As the illustration above shows, the English of the game is far, far from perfect. The same quirky sense of humor that marks the Yearly Ah-SKI! editorial content is as present as the sharp limitations on text length will allow. There is also the unusual (and annoying) “feature” of having to LOOK every time you enter a new room to determine what is really there. Other than that, and of course its setting, there’s oddly little about Omotesando to separate it from its inspirations. Perhaps the most surprising thing about it is that it is quite technically and even artistically competent within its modest aspirations. If you’d like to experience it for yourself, I’ve prepared a little care package for you. It includes Omotesando packaged up with a Japanese PC-8001 emulator as a Windows executable, along with translations and originals of the magazine articles that accompanied it. Sorry to be so platform-specific this time. Given the trials and tribulations of Japanese, this was about the best I could do. I do believe it should also run fine under WINE.
Omotesando Adventure, then, marks the beginning of the text adventure’s brief, precarious existence in Japan. The following year’s Yearly Ah-SKI! brought another, more complex game, once again implemented in English. By that time a Japanese company called Starcraft had begun a project to translate some of the more popular American illustrated text adventures for the domestic market, including most of On-Line’s Hi-Res Adventure line (with the expected exception of the white elephant Time Zone). Still, the difficulty of parsing Japanese made these games an awkward fit for the country; some actually resorted to making the player type a Japanese verb, hit enter, and then input a noun as the least painful and grammatically ugly approach.
As an alternative to such kludges, amateurs and professionals alike soon began experimenting with menu-driven interfaces in place of parsers. Thus was born the tradition of the Japanese visual novel, which became extraordinarily popular in spite of or because of the fact that many were partly or entirely exercises in pornography. Whatever objections some might have to their subject matter, or frustrations with their limited scope for player choice, these games did at least depart definitively from text adventures’ obsessions with puzzles and low-level object interactions to focus on telling more complex stories at a less granular level than most of their peers in the West. In fact, visual novels and the related genre of dating simulations remain important to Japanese computing culture even today, decades after text adventures faded from store shelves in the West.
A much more successful Western genre in Japan in comparison to the text adventure was the CRPG. Wizardry and its sequels in particular were massively popular when translated into Japanese. Just as the Beatles and other British groups of the 1960s mirrored back to America the music that America had originally created, Japanese CRPGs eventually made their way back to the West, where their unique, heavily story-oriented sensibility made them more popular with many players than the more hardcore, stats-oriented Western games.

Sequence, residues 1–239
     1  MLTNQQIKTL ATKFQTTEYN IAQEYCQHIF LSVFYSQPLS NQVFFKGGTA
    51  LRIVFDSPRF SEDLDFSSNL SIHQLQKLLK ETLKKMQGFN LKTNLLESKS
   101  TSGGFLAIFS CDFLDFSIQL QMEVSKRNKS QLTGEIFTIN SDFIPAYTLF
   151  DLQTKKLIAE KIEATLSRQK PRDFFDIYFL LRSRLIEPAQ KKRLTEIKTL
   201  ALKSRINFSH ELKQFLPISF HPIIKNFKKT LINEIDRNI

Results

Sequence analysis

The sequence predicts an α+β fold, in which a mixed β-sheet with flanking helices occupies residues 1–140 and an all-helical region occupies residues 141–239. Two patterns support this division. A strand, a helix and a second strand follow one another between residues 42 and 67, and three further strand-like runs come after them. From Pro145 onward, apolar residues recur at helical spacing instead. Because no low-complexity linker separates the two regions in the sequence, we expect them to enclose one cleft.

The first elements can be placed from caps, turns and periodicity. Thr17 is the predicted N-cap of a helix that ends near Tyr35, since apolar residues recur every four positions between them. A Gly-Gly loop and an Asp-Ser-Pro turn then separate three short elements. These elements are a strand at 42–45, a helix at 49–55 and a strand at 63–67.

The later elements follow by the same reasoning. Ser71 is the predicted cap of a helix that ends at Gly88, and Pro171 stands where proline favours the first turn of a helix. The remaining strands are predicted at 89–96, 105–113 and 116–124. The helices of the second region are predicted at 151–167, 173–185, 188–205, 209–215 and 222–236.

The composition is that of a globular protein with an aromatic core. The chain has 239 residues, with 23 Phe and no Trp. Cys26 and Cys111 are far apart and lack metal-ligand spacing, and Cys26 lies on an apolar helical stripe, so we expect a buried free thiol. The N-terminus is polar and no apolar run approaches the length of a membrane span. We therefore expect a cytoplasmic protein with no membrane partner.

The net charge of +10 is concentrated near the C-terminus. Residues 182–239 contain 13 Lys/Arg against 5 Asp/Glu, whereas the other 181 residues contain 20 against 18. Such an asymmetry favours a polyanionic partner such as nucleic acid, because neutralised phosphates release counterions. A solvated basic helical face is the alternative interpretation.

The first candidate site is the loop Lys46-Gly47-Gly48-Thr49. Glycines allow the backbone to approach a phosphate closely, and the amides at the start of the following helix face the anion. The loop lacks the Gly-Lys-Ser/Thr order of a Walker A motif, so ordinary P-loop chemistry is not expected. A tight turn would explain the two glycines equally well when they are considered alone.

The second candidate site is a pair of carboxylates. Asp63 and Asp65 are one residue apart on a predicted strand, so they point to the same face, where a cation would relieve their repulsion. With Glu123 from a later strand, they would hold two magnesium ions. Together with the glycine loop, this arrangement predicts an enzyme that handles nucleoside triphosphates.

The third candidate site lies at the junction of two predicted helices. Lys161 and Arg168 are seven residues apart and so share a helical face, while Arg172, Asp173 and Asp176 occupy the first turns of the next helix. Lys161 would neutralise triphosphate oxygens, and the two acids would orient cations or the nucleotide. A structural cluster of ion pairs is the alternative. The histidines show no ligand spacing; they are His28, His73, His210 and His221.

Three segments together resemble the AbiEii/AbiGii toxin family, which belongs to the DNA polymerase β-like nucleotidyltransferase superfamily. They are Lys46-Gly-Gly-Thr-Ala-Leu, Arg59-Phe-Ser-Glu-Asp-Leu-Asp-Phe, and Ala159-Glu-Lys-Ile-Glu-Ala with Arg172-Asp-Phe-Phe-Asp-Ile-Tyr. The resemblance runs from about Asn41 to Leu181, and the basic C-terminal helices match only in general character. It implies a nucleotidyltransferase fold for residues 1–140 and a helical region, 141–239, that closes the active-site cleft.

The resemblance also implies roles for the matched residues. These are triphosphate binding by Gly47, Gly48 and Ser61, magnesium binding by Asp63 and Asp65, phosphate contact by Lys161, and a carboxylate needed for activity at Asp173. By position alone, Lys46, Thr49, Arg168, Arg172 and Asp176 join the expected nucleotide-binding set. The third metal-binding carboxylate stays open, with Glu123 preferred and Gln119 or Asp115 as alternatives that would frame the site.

Indeed, I’m afraid this blog will necessarily have to view Japan mostly through the lens of the West, through the games that made it back to these shores in English translations. I don’t know any Japanese, you see, and, while Oren did amazing work to help me with this article, I can’t expect him to keep doing my research and translating huge chunks of material for me. So, take this article as primer only on what was going on inside a country that would soon become hugely important to Western gaming culture. But before I move on, I’ll leave you with one last historical curiosity from inside Japan that Oren dug up for us.
During the early 1990s, after parser-driven games were considered commercially dead not only in Japan but also in the West, four of Infocom’s classic titles were ported to Japanese computers, and translated into Japanese in the process. Let me just let Oren finish this story:
There were 4 translations: Zork 1 is the only one that’s mentioned anywhere on the western web, but that’s only because it got a strange console release on the PlayStation and Sega Saturn. Most references get the facts wrong by saying those were the only releases it got. In fact, there was also a PC release with a proper text-entry based parser. In addition, Enchanter, Planetfall and (of all things) Moonmist got translations. All were wrapped in a fancy, Zork Zero-like interface with a changing graphical background depending on your location, a clickable compass-rose, and menus for saving and loading the game. They were released in the early ’90s by a software company called SystemSoft that mostly did game localizations for the Japanese market. They all mention Activision in the documentation, so the deal was made after Infocom’s buyout. The translations themselves are pretty good, as far as my non-native literary appreciation skills can tell.
The most remarkable thing about them is that they are the best implementation I can find anywhere of an IF parser in Japanese. Because of the complexity of parsing Japanese text, adventure games moved to menu-based systems much faster than in the West, and the few parser-based games that were released either required input in English or did a no-frills two word Japanese parser that was completely ungrammatical. The Infocom games parse complete, grammatical Japanese sentences (which is, again, a much more difficult task than in English) and even do all the fancy Infocom tricks like “take all except the stone” and remembering context for pronouns. I’m quite amazed they went through all the effort several years after parser-based games were completely forgotten about in the country.
The translations even reproduced the feelies from the original American releases. Alas, it appears they were, unsurprisingly, not successful, and they mark the last gasp of the text adventure’s short and fitful life in Japan.
(My thanks again to Oren Ronen for all his help researching and translating for this article and the preceding one, which included translating a short interview with the designers of Omotesando Adventure.)